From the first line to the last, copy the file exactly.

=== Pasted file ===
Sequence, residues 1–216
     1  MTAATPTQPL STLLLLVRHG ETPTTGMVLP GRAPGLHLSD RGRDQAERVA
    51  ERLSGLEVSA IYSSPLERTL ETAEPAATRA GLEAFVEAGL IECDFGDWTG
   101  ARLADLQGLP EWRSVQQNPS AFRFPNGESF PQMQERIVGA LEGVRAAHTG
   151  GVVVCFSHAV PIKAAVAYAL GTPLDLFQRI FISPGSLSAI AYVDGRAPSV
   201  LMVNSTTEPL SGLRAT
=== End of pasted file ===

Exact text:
Sequence, residues 1–216
     1  MTAATPTQPL STLLLLVRHG ETPTTGMVLP GRAPGLHLSD RGRDQAERVA
    51  ERLSGLEVSA IYSSPLERTL ETAEPAATRA GLEAFVEAGL IECDFGDWTG
   101  ARLADLQGLP EWRSVQQNPS AFRFPNGESF PQMQERIVGA LEGVRAAHTG
   151  GVVVCFSHAV PIKAAVAYAL GTPLDLFQRI FISPGSLSAI AYVDGRAPSV
   201  LMVNSTTEPL SGLRAT